SAN FRANCISCO, CA—A study by scientists from the Gladstone Institutes shows that decreasing the number of A2A adenosine receptors in a particular type of brain cells called astrocytes improved memory in healthy mice.
SAN FRANCISCO, CA—Researchers at the Gladstone Institutes have shown that low levels of the protein progranulin in the brain can increase the formation of amyloid-beta plaques (a hallmark of Alzheimer’s disease), cause neuroinflammation, and worsen memory deficits in a mouse model of this condition.
SAN FRANCISCO, CA—Researchers at the Gladstone Institutes and University of California, San Francisco have shown that a loss of cells in the retina is one of the earliest signs of frontotemporal dementia (FTD) in people with a genetic risk for the disorder—even before any changes appear in their behavior.
SAN FRANCISCO, CA—Researchers at the Gladstone Institutes have shown that reducing brain levels of the protein tau effectively blocks the development of disease in a mouse model of Dravet syndrome, a severe intractable form of childhood epilepsy.
SAN FRANCISCO, CA—A new study from the Gladstone Institutes has revealed a way to alleviate the learning and memory deficits caused by apoE4, the most important genetic risk factor for Alzheimer’s disease, improving cognition to normal levels in aged mice.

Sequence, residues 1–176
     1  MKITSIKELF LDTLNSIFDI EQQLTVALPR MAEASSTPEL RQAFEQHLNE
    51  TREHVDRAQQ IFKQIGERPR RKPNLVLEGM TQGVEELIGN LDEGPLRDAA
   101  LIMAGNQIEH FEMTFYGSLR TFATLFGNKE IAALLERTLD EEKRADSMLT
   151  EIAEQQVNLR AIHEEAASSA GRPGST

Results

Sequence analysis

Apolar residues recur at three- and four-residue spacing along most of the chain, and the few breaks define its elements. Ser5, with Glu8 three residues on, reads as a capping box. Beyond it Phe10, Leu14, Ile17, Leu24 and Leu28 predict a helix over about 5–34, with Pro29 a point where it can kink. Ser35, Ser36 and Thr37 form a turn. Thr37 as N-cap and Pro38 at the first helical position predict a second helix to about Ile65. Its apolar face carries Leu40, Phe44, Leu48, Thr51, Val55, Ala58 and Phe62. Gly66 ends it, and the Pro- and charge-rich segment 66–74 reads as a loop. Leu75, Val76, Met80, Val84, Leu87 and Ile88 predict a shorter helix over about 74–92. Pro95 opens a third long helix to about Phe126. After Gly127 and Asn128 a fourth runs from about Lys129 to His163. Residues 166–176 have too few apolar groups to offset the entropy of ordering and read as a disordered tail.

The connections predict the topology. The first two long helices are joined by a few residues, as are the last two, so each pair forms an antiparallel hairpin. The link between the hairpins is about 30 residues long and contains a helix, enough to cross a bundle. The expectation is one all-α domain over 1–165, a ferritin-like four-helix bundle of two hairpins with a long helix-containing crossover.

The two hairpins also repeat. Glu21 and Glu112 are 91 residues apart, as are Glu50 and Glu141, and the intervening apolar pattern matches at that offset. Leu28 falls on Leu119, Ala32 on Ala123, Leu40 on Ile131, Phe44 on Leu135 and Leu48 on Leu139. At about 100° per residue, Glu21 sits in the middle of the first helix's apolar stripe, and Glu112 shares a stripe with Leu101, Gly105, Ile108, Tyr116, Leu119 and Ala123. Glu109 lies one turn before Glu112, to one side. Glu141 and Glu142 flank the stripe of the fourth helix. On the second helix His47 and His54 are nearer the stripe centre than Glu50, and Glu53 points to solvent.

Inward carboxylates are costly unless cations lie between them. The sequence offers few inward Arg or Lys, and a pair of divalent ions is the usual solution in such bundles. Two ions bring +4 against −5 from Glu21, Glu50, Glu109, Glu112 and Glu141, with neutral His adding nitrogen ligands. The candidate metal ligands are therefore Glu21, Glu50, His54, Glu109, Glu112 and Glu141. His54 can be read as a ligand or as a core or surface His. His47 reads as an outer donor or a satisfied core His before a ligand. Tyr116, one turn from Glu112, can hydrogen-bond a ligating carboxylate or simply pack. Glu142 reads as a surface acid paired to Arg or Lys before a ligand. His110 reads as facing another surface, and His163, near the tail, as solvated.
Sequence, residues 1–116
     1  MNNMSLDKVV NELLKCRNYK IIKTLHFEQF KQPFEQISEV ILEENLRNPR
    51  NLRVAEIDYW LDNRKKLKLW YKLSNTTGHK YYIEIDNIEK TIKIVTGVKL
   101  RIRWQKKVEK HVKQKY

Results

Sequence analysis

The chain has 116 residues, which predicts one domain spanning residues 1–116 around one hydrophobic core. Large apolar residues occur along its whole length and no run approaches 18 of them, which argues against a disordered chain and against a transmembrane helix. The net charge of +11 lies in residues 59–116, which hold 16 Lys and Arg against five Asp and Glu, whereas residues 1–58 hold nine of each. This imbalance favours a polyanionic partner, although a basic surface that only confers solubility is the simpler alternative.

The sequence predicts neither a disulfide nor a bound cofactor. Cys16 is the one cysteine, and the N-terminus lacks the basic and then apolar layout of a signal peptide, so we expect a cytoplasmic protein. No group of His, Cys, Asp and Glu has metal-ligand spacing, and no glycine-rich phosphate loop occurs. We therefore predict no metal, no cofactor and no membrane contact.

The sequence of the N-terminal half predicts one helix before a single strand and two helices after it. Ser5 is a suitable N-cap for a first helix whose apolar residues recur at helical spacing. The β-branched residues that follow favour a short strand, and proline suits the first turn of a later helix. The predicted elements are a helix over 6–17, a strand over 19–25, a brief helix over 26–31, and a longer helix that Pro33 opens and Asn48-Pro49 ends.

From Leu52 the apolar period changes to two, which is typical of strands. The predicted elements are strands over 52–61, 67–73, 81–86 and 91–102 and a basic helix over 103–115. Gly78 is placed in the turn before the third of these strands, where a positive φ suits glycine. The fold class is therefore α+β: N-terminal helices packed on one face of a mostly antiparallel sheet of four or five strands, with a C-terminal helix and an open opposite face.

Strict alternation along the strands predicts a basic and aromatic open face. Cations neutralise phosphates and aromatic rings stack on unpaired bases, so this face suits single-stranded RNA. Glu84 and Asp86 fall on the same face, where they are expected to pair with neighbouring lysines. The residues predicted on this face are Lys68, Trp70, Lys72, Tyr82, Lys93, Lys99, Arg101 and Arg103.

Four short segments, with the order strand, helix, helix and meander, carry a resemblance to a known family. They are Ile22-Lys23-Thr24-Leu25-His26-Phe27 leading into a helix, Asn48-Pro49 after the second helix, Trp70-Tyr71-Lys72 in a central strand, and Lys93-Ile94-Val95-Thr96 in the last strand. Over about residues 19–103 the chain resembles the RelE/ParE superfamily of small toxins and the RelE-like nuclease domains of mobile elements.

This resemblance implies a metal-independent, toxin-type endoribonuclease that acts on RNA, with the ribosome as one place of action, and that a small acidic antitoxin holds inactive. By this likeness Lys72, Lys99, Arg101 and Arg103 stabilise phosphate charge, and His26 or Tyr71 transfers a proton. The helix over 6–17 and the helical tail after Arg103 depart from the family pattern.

SAN FRANCISCO, CA—A scientific team led by the Gladstone Institutes and UC San Francisco has discovered that a common form of a gene already associated with long life also improves learning and memory, a finding that could have implications for treating age-related diseases like Alzheimer’s.
SAN FRANCISCO, CA—Alzheimer’s disease is one of the greatest challenges facing modern medicine, but there is new hope in the fight against this deadly disease.
SAN FRANCISCO, CA—For some, the disease multiple sclerosis (MS) attacks its victims slowly and progressively over a period of many years. For others, it strikes without warning in fits and starts.
SAN FRANCISCO, CA—Lennart Mucke, MD, who directs neurological research at the Gladstone Institutes, next week will receive the ARCS Foundation’s 2013 Pacesetter Award for his lifelong dedication to overcoming Alzheimer’s disease—and for mentoring students to take a similar approach.
SAN FRANCISCO, CA—There is no easy way to study diseases of the brain. Extracting brain cells, or neurons, from a living patient is difficult and risky, while examining a patient’s brain post-mortem usually only reveals the disease’s final stages.